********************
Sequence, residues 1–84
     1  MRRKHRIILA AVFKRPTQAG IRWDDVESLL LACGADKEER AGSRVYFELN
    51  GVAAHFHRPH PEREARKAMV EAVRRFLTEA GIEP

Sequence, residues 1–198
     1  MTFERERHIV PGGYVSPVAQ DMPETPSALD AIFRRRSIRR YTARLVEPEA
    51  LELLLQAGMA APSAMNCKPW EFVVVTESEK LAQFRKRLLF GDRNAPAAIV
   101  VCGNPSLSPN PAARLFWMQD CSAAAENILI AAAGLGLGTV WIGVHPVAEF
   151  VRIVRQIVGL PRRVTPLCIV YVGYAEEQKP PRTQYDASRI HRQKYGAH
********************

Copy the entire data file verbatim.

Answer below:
Sequence, residues 1–84
     1  MRRKHRIILA AVFKRPTQAG IRWDDVESLL LACGADKEER AGSRVYFELN
    51  GVAAHFHRPH PEREARKAMV EAVRRFLTEA GIEP

Sequence, residues 1–198
     1  MTFERERHIV PGGYVSPVAQ DMPETPSALD AIFRRRSIRR YTARLVEPEA
    51  LELLLQAGMA APSAMNCKPW EFVVVTESEK LAQFRKRLLF GDRNAPAAIV
   101  VCGNPSLSPN PAARLFWMQD CSAAAENILI AAAGLGLGTV WIGVHPVAEF
   151  VRIVRQIVGL PRRVTPLCIV YVGYAEEQKP PRTQYDASRI HRQKYGAH